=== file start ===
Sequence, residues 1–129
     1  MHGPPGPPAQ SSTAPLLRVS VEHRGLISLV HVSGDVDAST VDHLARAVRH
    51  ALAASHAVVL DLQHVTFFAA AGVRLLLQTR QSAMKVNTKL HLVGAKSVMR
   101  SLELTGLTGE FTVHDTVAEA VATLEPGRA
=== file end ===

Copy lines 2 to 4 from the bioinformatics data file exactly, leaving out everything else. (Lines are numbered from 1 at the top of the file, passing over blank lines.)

     1  MHGPPGPPAQ SSTAPLLRVS VEHRGLISLV HVSGDVDAST VDHLARAVRH
    51  ALAASHAVVL DLQHVTFFAA AGVRLLLQTR QSAMKVNTKL HLVGAKSVMR
   101  SLELTGLTGE FTVHDTVAEA VATLEPGRA